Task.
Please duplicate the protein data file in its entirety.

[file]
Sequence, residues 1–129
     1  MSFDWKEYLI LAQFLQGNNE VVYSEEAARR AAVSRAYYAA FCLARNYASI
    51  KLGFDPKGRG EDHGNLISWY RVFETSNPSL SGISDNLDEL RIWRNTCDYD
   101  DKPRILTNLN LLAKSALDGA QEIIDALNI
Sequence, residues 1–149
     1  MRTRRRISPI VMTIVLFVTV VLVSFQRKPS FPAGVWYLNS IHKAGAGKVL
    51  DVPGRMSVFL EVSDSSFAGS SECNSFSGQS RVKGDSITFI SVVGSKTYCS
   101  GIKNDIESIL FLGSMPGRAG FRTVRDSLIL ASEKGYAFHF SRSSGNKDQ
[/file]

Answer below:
Sequence, residues 1–129
     1  MSFDWKEYLI LAQFLQGNNE VVYSEEAARR AAVSRAYYAA FCLARNYASI
    51  KLGFDPKGRG EDHGNLISWY RVFETSNPSL SGISDNLDEL RIWRNTCDYD
   101  DKPRILTNLN LLAKSALDGA QEIIDALNI
Sequence, residues 1–149
     1  MRTRRRISPI VMTIVLFVTV VLVSFQRKPS FPAGVWYLNS IHKAGAGKVL
    51  DVPGRMSVFL EVSDSSFAGS SECNSFSGQS RVKGDSITFI SVVGSKTYCS
   101  GIKNDIESIL FLGSMPGRAG FRTVRDSLIL ASEKGYAFHF SRSSGNKDQ